Healthy Weight Alliance - development session
As you may be aware, Durham County Council are one of only four LAs nationally to be selected following a competitive process, to be a pilot for a programme funded by Public Health England (PHE) and supported by the Local Government Association. The programme aims to create a step change in the way that LAs can tackle obesity.
PHE have appointed a team from Leeds Beckett University (LBU) to draw on international and national evidence to support the development of our programme. LBU are working with the four pilots to support them in identifying how they can use their current resources and to get better results in tackling obesity as well as benefitting our key priorities.
An essential part of the programme was to gain a stronger understanding of "what works well here" from across County Durham. To tackle obesity it is important to understand what characteristics drive success locally as this will help LBU tailor their support to the council with good practice from elsewhere. These sessions have happened with partners across County Durham and now we want to move towards what we want to achieve together.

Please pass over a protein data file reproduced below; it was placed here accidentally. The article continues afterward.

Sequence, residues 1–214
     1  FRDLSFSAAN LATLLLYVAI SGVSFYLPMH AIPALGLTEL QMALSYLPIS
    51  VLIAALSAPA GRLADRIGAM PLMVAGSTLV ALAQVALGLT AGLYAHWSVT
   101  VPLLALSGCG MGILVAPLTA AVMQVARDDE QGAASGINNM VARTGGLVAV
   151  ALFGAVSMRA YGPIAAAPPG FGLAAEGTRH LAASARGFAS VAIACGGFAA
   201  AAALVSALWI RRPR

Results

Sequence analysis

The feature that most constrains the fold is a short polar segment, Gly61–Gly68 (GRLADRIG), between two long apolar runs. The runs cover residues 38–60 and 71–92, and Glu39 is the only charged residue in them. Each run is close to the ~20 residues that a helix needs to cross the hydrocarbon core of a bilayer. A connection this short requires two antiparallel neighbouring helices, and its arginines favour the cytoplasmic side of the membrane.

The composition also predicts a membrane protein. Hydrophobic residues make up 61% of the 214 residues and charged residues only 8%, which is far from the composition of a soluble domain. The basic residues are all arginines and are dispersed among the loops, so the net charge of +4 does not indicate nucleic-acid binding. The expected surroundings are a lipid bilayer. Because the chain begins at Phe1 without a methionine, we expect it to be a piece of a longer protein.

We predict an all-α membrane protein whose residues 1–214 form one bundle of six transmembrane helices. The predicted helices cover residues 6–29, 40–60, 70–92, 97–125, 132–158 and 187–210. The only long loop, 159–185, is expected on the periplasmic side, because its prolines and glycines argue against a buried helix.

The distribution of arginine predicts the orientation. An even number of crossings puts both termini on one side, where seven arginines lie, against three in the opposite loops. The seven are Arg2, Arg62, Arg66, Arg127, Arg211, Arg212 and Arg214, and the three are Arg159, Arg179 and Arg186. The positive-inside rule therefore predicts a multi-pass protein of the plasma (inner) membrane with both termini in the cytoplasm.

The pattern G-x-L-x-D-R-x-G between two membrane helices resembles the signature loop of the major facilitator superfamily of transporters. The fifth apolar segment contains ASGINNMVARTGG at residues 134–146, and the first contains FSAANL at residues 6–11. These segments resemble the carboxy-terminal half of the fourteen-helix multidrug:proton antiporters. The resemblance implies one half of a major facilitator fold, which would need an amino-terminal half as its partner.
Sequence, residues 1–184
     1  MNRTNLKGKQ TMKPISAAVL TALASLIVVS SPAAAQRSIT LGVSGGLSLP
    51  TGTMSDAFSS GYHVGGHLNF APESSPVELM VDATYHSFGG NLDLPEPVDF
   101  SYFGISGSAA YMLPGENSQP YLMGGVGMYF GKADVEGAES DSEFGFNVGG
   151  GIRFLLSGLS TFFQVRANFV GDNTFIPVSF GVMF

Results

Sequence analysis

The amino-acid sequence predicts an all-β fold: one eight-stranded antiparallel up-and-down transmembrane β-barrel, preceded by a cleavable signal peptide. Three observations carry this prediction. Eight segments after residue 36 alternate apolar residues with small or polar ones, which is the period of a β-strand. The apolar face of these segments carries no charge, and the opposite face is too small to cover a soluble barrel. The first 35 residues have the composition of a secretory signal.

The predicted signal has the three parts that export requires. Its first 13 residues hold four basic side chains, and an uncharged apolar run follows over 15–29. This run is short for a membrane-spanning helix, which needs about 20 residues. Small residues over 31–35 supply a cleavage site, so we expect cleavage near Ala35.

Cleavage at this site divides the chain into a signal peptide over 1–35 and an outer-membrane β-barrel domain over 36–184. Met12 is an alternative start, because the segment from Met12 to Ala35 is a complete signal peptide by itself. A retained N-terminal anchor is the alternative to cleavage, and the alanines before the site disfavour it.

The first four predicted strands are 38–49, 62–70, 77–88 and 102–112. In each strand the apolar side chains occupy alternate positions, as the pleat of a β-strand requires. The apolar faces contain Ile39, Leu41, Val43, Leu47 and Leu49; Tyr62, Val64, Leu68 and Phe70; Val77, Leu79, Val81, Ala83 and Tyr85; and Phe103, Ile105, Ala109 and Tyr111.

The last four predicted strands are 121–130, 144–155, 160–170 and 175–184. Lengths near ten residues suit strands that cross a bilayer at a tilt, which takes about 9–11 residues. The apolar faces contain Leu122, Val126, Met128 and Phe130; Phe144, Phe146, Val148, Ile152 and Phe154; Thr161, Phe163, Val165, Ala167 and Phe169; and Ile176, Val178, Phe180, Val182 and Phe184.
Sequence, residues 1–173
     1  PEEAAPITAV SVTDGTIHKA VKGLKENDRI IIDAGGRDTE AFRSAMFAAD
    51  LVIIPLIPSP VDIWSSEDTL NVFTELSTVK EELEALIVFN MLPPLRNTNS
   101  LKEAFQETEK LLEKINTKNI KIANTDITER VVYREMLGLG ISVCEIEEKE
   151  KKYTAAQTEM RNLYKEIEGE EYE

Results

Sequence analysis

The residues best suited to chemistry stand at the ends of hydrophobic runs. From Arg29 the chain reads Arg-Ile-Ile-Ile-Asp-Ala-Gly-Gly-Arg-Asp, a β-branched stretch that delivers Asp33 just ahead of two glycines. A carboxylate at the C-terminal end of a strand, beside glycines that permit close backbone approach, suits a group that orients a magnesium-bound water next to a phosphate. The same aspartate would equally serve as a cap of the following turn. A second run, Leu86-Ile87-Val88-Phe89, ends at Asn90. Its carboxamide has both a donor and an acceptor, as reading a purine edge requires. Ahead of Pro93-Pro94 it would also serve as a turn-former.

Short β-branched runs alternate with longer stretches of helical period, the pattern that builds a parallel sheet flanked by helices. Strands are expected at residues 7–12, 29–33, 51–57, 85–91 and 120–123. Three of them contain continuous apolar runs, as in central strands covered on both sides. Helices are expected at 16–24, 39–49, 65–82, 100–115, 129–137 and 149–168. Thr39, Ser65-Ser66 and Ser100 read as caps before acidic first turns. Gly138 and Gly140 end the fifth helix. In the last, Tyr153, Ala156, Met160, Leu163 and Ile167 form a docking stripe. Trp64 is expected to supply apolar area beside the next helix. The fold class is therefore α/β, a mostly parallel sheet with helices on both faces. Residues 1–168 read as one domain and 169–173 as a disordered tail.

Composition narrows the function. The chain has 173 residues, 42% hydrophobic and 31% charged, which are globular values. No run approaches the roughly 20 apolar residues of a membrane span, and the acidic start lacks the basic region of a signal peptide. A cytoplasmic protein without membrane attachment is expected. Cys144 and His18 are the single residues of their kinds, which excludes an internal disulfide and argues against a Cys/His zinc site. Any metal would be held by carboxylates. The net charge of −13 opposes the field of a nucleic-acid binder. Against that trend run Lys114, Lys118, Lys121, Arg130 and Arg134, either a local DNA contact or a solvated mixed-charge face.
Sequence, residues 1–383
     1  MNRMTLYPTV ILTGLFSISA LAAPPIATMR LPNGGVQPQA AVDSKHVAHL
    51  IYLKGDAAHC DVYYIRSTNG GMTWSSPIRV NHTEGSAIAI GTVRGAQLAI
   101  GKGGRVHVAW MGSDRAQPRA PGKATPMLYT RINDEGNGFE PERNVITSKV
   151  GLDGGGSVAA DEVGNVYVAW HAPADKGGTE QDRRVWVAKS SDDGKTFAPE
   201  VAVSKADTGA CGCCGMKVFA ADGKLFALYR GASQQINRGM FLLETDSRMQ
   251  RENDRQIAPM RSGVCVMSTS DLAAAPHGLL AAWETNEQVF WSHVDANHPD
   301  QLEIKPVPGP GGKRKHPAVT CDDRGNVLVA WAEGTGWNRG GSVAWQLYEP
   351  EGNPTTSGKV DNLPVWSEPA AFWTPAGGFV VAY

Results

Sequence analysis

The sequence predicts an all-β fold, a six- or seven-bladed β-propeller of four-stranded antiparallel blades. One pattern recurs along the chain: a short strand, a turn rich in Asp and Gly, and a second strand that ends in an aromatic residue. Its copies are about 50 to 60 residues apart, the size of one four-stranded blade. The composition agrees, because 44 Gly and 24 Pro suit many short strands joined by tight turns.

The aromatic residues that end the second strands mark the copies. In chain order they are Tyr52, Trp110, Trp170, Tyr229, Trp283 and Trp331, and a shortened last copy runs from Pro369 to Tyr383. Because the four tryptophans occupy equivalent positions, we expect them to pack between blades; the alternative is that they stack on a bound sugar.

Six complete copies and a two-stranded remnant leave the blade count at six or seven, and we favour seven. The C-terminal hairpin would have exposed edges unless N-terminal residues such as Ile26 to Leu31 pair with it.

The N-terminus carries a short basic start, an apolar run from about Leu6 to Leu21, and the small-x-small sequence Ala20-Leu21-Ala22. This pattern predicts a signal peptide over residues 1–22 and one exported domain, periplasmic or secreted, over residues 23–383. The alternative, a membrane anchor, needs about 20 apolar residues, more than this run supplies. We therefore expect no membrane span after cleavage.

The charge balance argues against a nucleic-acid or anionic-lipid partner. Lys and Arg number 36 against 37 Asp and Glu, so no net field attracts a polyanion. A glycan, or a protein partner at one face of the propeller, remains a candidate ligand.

We are hosting a workshop in Durham on the 14th November, 1-4pm (venue tbc) where we will be combining local and national material with local knowledge and expertise. We will cover some of the local causes of obesity, what we are currently doing around the issue, who else could be involved to make this easier or more effective, and what we could do collectively to strengthen our overall approach to tackling this challenge. Hopefully this will help us to develop a collective approach to some of the complex issues associated with obesity.
Around 2,900 North East Children Become Overweight Or Obese During Primary School
As North East children prepare to start school, new statistics* released by Cancer Research UK today (Thursday) reveal the scale of the child obesity crisis facing the region.
Every year, around 2,900 North East children who start primary school at a healthy weight end up obese or overweight by the time they leave.
This worrying statistic adds to the fact that nearly one in four children in the region are already overweight or obese when they start primary school.
And by the time they leave, that figure rises to more than one in three.
To highlight the staggeringly high level of children’s obesity, Cancer Research UK has transformed a store front into an XL school uniform ‘shop’ window to show the new norm of larger school uniforms.
Photographs of mannequins wearing the XL school uniforms have been released as part of the charity’s Junk Free TV campaign, after the Government reneged on its commitment to publish a robust strategy to tackle the crisis of children’s obesity.